Speaking about Ahmedabad, the site of the most widespread violence during the Gujarat carnage, Bina Srinivasan, Aman Samudaya Citizens Initiative, Ahmedabad described how while at the peak of the violence almost 1.5 Iakh survivors were living in about 100 camps, today government pressure has forced mostof the camps to close down, compelling people to leave the safety of the camps. But still about: 24,000 people are still in the camps because they have no place left to go. In the context of women, she pointed out that the polarisation has occurred on sexual lines and the question of silence is also linked with this. Chief Minister Modi has very cleverly presented it as a question of ‘Gujarati
Dignity‘. Regarding participation of women in violence, she said that the propaganda has motivated them to do it for safeguarding their religion Ahmedabad has a large working class [Dalits and OBCs] which was mobilised in the first 72 hours.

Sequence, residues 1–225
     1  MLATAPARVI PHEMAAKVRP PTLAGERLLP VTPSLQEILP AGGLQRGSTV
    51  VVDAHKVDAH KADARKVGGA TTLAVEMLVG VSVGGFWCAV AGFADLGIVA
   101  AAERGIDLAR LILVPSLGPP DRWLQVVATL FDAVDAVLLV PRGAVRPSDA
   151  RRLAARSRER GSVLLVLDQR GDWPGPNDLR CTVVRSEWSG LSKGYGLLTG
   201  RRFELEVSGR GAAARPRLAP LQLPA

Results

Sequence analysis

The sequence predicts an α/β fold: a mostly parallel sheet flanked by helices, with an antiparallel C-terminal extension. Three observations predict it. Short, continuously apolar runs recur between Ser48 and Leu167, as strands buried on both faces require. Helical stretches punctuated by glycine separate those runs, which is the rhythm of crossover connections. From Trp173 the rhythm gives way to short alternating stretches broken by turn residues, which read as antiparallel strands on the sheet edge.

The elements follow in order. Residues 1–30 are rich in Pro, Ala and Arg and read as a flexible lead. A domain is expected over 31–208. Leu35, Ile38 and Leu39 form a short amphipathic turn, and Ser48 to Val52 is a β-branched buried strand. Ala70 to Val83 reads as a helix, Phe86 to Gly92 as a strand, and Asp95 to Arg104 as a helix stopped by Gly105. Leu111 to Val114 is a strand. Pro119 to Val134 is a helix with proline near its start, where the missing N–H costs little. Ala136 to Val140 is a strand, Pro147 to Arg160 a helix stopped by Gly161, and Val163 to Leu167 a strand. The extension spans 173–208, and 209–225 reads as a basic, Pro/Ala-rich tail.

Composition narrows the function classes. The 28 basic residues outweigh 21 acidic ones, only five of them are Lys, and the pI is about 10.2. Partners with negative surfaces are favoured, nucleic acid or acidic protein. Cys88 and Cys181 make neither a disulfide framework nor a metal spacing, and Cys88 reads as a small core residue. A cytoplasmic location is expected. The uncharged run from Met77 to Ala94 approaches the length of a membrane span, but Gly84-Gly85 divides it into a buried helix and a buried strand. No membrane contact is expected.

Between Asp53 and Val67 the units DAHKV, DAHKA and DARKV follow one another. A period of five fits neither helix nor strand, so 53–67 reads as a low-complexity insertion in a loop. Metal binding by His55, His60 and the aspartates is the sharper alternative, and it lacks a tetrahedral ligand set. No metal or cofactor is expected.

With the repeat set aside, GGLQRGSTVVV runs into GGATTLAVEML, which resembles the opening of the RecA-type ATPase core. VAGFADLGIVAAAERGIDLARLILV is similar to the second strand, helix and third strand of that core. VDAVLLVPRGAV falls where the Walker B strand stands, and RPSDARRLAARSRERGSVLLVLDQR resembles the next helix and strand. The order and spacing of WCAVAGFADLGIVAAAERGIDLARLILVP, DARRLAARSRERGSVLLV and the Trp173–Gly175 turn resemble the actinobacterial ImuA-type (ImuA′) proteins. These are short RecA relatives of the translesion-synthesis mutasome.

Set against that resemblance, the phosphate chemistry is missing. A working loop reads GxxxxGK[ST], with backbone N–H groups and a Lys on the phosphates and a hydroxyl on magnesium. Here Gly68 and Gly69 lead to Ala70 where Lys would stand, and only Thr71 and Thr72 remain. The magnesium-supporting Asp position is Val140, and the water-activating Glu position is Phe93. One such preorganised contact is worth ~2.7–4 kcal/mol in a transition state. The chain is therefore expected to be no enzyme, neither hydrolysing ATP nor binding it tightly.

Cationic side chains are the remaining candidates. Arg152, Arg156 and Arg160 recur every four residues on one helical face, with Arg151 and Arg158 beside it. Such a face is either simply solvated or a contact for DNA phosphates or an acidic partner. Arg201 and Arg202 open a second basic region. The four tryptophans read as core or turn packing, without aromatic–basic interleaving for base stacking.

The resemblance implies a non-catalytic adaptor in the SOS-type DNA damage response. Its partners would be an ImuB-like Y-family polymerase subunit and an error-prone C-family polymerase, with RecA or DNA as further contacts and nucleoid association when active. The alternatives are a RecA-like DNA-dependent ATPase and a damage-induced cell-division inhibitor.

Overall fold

About the role of the State, she cited the example of the Women‘s Cell, which gave a statement to the effect that as it had not received any complaints on sexual assault it means that no such incidents took place. She expressed the fear that the State could use such statements in their favour. She said that more extensive documentation on sexual violence is extremely important, in rural areas of Gujarat as well. On the one hand trauma counselling is being carried out yet on the other hand they say that nothing has happened and that everything is normal. In fact, the right wing forces and the government are using the example of some marriages taking place in the camps to reinforce the notion that Muslims are “sexually aggressive". She said that desertion by husbands, and suspicion from families is on the rise, resulting in further misery for Muslim women.
The way so many sections of the society have been brutally involved raises the biggest question as to how it could happen and why it is happening. And how do we deal with this? All this needs a serious discussion. She also spoke about the prospect of elections looming large over Gujarat, and the urgency with which we need to prepare ourselves to raise issues of public concern and accountability and to challenge the ideology of the right wing combine.